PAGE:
Open Letter to the Following: The Honourable Robert Douglas Nicholson, Minister of Justice and Attorney General; the Honourable Lawrence Cannon, Minister of Foreign Affairs; Michael Ignatieff, Leader of the Official Opposition; Jack Layton, leader of the NDP; Gilles Duceppe, Leader of the BQ; R. R. Knecht, Deputy Commissioner and Commanding Officer RCMP, K Division.
I want to call to your attention to a rare and unique window of opportunity to restore faith and hope in the international legal system which has suffered an ignominious battering during eight years of the Bush Presidency. In particular, he has violated the UN Charter, the Geneva Conventions, the UN Convention Against Torture, and the Convention on Prohibitions or Restrictions on the Use of Certain Conventional Weapons. Former President Bush is scheduled to talk at the Rotary Club in Calgary, Alberta, on March 17, 2009, on the sixth anniversary of the invasion of Iraq. Justice demands that former President George Bush be served with a subpoena requiring him to appear before a judge on possible charges of war crimes. Based on the principles of legal egalitarianism, rule of law, the Nuremberg Principles, substantial certainty doctrine, and ignorantia juris non exusat, the Canadian State has an obligation to hold G. W. Bush accountable for violating the above international laws whereas failure to do so weakens respect for and the effectiveness of the international system of jurisprudence.
Both the Nuremberg principles and the UN Charter stipulate that crimes against peace are punishable offences under international law. Nuremburg Principle VI states that “Planning, preparation, initiation of a war of aggression or a war in violation of international treaties, agreements or assurances” constitutes a war crime. Article 33 of the UN Charter stipulates that “The parties to any dispute, the continuance of which is likely to endanger the maintenance of international peace and security, shall, first of all, seek a solution by negotiation, enquiry, mediation, conciliation, arbitration, judicial settlement…or other peaceful means of their own choice.” Article 37 stipulates that “Should the parties to the dispute of the nature referred to in article 33 fail to settle it by the means indicated in that Article, they shall refer it to the Security Council.” The Bush administration has attacked Iraq, Afghanistan, and Pakistan without provocation or imminent threat in violation of Articles 33 and 37 of the UN Charter.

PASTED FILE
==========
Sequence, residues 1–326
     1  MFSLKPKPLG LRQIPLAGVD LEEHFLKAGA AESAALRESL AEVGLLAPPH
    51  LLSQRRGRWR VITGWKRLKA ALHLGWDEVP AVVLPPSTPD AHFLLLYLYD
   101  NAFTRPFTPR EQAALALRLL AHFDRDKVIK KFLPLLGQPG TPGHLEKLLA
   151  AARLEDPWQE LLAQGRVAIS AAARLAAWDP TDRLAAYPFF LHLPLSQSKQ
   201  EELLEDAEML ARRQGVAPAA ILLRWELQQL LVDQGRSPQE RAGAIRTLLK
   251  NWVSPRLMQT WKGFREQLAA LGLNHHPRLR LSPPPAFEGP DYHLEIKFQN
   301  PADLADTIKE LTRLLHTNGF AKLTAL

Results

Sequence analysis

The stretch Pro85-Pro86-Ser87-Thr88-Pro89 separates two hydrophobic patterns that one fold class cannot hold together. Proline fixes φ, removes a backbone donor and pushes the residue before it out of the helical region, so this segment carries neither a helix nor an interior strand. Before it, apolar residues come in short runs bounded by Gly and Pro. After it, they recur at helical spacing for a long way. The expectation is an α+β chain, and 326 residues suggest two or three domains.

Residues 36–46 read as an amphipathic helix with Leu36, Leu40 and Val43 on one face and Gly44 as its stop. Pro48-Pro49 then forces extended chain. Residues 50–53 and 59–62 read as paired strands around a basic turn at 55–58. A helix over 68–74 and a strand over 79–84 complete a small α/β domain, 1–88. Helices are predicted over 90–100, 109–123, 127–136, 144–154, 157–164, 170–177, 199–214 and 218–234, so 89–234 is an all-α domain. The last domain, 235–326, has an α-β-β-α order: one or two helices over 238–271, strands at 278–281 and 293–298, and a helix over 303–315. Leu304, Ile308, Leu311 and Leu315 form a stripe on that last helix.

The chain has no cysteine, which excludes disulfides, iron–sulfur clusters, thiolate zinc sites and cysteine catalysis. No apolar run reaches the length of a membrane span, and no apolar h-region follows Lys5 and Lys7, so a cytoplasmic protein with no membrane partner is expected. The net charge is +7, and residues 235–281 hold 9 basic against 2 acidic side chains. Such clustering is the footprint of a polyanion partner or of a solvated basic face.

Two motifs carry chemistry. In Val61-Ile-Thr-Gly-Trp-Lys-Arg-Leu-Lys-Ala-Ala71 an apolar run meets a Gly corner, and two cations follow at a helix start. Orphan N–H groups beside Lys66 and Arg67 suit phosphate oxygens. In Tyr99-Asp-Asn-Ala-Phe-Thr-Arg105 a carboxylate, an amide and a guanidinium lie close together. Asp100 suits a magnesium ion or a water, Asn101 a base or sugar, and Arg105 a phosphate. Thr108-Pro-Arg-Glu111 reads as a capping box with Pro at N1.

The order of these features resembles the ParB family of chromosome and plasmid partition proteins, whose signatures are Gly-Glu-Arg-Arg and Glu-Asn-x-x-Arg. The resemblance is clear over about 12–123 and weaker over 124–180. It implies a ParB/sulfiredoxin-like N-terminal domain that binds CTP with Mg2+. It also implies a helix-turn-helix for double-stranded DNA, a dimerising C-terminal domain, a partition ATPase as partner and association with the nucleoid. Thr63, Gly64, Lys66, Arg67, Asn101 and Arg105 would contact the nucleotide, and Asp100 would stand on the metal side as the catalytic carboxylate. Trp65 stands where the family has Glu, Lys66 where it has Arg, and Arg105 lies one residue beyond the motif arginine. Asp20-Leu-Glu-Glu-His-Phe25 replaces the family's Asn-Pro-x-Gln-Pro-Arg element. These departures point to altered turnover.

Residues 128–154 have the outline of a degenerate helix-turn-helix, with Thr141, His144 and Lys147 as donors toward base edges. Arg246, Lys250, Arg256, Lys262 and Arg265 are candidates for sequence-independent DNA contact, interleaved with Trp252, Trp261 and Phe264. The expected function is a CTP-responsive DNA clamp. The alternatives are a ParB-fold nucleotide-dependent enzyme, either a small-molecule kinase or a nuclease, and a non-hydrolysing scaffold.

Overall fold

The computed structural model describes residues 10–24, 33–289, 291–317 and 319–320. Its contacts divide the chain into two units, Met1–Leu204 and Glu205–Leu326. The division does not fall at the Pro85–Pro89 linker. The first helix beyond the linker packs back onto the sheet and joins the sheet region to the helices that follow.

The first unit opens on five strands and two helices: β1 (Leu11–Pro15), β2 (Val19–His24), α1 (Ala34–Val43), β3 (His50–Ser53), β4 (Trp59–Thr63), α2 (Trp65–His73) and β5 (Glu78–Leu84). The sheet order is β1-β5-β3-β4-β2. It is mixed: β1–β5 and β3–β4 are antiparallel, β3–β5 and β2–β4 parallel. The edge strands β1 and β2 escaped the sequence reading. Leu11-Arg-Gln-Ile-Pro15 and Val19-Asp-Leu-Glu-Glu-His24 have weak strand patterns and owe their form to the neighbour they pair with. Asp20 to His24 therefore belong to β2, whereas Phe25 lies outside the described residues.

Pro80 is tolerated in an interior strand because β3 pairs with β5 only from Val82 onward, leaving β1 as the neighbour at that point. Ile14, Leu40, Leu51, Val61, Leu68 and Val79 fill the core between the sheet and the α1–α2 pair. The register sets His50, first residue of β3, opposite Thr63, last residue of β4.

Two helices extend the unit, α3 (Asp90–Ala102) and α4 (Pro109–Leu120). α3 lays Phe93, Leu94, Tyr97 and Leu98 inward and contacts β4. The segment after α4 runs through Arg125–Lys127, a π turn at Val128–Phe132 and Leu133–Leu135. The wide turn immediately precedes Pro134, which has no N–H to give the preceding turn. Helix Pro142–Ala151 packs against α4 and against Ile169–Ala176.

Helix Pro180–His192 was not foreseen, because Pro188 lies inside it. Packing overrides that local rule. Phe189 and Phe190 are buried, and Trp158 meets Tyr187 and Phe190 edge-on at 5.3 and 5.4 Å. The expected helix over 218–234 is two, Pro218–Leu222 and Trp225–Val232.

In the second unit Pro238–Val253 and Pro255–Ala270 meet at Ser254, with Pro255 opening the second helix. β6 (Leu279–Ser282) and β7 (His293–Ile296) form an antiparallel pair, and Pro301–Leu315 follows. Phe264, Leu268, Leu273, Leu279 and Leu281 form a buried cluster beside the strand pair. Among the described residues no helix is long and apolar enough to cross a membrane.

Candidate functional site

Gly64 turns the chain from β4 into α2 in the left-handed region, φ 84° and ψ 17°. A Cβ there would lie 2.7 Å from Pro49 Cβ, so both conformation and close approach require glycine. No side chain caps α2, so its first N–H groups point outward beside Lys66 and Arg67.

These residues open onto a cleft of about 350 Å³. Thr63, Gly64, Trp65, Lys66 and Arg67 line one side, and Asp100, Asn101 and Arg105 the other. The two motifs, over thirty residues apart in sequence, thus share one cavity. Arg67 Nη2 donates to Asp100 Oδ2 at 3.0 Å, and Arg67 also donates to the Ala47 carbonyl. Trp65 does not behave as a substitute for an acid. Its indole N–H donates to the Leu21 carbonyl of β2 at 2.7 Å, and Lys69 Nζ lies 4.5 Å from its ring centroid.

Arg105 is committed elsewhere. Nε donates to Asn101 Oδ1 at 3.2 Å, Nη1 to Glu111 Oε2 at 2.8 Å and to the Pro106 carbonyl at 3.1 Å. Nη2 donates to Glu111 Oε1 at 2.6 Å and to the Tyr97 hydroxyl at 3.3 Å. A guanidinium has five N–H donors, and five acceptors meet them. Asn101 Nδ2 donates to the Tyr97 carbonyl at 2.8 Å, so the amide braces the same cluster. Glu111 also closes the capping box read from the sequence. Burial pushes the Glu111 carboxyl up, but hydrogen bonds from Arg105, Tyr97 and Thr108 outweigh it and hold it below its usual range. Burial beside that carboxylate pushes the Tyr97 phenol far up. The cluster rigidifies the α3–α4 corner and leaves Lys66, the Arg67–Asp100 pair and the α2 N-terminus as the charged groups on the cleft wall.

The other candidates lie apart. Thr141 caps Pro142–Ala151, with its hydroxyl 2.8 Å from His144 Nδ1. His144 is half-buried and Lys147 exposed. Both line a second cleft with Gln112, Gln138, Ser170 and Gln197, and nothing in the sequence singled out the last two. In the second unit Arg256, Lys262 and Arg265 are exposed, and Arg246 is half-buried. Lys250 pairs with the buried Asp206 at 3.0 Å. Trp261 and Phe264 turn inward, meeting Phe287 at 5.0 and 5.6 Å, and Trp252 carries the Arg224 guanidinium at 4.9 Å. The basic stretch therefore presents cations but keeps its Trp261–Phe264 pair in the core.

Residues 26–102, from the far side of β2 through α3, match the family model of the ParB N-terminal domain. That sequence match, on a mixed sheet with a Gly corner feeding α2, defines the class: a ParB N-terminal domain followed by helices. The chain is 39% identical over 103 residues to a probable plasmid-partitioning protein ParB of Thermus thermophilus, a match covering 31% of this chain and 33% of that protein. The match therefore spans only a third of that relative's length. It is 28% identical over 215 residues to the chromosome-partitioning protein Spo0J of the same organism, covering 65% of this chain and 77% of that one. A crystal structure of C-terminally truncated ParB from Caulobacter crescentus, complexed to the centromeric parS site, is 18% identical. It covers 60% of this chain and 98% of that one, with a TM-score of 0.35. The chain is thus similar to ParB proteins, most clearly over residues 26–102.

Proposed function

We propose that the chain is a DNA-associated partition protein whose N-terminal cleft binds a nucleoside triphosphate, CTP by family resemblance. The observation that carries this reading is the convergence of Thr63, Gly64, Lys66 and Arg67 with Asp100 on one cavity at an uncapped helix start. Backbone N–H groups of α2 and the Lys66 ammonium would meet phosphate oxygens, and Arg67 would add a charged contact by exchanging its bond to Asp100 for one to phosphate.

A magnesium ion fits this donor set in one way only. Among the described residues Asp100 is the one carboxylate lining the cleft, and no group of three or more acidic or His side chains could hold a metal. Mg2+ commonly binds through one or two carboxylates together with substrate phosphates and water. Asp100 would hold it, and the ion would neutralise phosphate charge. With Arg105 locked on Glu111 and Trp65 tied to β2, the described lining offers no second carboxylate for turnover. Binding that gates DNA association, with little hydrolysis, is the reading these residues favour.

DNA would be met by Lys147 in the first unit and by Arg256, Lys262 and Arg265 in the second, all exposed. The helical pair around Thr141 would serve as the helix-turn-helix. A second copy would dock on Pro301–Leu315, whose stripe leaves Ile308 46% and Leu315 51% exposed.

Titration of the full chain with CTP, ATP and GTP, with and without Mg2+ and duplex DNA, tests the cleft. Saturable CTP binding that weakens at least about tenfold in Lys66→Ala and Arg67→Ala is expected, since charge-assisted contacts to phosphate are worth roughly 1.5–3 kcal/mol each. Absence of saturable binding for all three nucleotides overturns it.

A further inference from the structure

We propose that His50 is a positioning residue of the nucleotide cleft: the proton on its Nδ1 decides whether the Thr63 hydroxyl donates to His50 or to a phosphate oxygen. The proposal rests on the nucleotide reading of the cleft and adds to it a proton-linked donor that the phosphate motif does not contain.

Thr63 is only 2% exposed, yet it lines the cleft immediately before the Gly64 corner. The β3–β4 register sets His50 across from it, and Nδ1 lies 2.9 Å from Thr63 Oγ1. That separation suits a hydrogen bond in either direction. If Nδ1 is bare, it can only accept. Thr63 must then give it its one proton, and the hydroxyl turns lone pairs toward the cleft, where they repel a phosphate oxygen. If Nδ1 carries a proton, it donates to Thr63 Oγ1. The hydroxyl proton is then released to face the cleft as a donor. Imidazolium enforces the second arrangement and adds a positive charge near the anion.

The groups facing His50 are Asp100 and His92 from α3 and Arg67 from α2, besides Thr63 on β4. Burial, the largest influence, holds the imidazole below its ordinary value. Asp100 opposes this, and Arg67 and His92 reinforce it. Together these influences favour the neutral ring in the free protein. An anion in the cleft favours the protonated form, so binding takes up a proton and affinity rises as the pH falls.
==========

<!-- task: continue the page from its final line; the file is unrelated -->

The Rome Statute also defines the following as violations of international law for which charges may be lodged by the Prosecutor of the ICC, “Committing outrages upon personal dignity, in particular humiliating and degrading treatment…Employing weapons, projectiles, and material and methods of warfare which are of a nature to cause superfluous injury or unnecessary suffering…Imprisonment or other severe deprivation of physical liberty in violation of the fundamental rules of international law.” George W. Bush must be held accountable for all the aforementioned violations of international law.
According the Rome Statute which serves as the constitution of the International Criminal Court (ICC), Canada has the authority to serve such a subpoena and would not be operating outside of the jurisdiction of the ICC. Article 13 of the Rome Statute provides that “The Court may exercise its jurisdiction with respect to a crime referred to in Article 5 in accordance with the provisions of this Statute if; a) A situation which one or more of such crimes appears to have been committed is referred to the prosecutor by a State Party.” Article 5 states that “The Court has jurisdiction with respect to the following crimes: a) The crime of genocide; b) Crimes against humanity; c) War crimes; d) The crime of aggression.” The Bush administration has committed crimes b, c, and d, and importantly, Canada is a State Party of the ICC and therefore would have the legal authority to issue such a subpoena to the former president.
Canada was a leader in formulating the Rome statute and was the first country to adopt comprehensive legislation embedding the Rome statute in Canadian law. By adopting the “Crimes Against Humanity” and “War Crimes Act” on June 29, 2000, the Canadian Government was the first country to ratify the Rome Statute. In amending the “Criminal Code” and “Extradition Act”, Canada was then able to participate in and cooperate with the ICC in prosecuting those who have violated international laws.
If George Bush is not served with a subpoena during his visit to Calgary, the Canadian government will have demonstrated its total hypocrisy in its claim to support the ICC and to respect international law. The rule of law is fundamental in a civilized and just society and that includes international law as well. Canada has an opportunity to demonstrate whether it is “for or against” the rule of law on March 17, 2009, in Calgary.
Professor of Political Science
Seneca College, King Campus
King City, Ontario